December 22, 2015
Robots aren’t going to replace us, but by working hand in hand with us they will redefine what it means to be human.
The year is 2025. You’re sitting in a surgery watching your doctor carefully insert the tips of her fingertips into black thimble-like actuators.
A screen in front of the doctor flashes with the image of a glistening tunnel of flesh and, as she huddles over the controls, you feel a stirring in your bowels.
That gelatinous mass you feel coming to life inside you found its way into your body 24 hours earlier, when you swallowed a pill that looked unremarkable, save for its bulk.
But now this package of edible electronics will allow the doctor to feel inside your body without making a single incision, effectively taking the tips of the doctor’s fingers and transplant them onto the exterior of the robotic pill.
When the robot presses against the interior of the intestinal tract, the doctor will feel the sensation as if her own fingers were pressing the flesh.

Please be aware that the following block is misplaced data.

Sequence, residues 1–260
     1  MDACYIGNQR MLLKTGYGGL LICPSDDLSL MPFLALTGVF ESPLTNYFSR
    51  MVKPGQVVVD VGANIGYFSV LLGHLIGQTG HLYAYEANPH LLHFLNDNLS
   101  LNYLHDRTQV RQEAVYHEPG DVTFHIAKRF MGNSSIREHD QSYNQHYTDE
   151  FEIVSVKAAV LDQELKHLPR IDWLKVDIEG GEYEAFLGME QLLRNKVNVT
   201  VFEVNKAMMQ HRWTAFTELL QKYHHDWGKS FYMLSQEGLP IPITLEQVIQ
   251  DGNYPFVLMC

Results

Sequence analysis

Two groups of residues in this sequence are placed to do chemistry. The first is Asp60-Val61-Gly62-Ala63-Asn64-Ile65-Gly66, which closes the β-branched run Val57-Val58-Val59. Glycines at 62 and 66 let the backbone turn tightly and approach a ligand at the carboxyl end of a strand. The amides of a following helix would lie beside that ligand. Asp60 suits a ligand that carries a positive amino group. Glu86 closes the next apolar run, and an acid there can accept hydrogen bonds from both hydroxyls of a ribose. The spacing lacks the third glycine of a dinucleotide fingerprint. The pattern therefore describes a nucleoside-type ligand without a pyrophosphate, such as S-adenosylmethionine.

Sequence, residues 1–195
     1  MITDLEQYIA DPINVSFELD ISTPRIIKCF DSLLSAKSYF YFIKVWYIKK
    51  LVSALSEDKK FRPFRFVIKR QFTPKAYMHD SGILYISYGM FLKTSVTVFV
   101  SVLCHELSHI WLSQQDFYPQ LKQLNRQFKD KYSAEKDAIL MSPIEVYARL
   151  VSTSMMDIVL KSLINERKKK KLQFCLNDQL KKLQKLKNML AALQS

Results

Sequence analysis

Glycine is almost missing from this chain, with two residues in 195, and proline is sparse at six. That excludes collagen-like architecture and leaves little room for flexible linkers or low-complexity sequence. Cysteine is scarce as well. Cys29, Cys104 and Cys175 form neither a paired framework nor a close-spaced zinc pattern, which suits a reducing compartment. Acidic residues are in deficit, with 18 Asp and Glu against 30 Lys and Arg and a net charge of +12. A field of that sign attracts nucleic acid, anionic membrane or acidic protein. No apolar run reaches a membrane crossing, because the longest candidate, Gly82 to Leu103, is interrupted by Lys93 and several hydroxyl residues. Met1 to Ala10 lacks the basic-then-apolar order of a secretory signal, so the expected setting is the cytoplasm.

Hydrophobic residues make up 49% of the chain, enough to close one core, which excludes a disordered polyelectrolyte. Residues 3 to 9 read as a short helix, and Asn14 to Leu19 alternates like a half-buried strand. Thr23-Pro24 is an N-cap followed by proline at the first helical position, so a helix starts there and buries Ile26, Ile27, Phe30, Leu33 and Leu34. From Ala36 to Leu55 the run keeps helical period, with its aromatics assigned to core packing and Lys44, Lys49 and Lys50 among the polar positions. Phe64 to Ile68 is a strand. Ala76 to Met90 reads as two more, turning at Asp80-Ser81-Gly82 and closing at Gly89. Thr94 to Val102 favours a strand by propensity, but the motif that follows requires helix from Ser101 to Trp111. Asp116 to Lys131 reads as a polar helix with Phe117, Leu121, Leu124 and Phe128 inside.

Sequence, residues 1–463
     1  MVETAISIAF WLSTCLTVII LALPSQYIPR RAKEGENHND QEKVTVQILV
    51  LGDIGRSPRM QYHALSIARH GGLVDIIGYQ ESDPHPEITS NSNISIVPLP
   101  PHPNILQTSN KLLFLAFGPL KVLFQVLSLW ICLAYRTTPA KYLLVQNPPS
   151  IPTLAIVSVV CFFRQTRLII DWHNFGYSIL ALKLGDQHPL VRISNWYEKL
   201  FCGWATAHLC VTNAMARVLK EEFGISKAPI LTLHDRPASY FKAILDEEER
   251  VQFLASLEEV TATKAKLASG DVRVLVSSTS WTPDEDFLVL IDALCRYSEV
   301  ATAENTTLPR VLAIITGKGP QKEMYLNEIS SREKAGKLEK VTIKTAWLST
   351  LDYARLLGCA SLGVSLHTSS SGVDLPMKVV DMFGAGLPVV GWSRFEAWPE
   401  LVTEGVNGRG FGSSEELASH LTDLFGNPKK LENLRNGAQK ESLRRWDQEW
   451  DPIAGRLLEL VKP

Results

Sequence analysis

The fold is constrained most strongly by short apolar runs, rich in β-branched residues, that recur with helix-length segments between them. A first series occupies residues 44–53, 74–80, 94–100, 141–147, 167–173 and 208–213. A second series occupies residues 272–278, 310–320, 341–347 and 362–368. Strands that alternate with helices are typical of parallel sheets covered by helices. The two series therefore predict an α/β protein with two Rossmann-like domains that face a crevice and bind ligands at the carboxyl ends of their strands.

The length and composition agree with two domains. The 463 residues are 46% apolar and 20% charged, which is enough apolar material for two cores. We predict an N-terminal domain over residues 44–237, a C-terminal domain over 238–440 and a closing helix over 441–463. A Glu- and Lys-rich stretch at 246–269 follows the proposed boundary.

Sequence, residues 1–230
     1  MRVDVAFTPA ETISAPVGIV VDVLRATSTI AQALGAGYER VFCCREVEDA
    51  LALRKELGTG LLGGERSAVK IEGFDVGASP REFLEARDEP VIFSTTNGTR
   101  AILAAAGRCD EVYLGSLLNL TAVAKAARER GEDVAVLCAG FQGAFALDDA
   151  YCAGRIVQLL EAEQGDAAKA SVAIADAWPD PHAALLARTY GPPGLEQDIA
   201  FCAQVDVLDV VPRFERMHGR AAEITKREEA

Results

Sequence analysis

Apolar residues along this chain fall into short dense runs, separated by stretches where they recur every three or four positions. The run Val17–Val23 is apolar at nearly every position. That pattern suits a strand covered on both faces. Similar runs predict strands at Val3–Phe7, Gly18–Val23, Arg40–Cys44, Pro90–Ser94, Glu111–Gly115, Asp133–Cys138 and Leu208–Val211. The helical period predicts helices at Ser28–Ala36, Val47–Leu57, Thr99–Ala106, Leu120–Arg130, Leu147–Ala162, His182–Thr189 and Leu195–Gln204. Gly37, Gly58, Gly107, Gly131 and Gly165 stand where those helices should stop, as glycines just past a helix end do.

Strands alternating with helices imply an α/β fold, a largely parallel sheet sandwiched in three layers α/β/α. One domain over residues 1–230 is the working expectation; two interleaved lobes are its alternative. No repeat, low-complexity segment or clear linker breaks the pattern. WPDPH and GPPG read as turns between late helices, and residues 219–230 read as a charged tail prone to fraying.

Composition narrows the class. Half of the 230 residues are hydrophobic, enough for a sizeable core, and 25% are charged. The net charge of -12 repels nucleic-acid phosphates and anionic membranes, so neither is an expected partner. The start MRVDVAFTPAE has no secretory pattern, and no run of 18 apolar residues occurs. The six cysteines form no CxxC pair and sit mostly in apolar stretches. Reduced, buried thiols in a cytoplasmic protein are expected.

This is the coming world of augmented humans, where technology gifts people senses, skills, and strengths never before available.
The swallowable robot is only one scenario that researchers in Bristol in the west of England are working to make a reality, as part of research that seeks to use bots to enhance, rather than replace, people.
Other projects include work to allow surgeons to operate on people located miles away with superhuman precision, and managers to split their day between offices situated on opposite sides of the world.
The conversation about robots today so often revolves around fears of how they will replace us, rather than help us.
Yet as the research taking place at Bristol shows, robotics is “more about augmenting people than it is about making them obsolete,” says Professor Anthony Pipe, deputy director of Bristol Robotics Laboratory.
He sees this research as reflecting a future where robots and humans enjoy a more symbiotic relationship—where robots work alongside people, enhancing their capabilities.
“There are lots of areas where robots could help humans do things,” said Pipe. “That’s really one of the big new areas. So as opposed to replacing humans, helping humans will be a large area for growth.”
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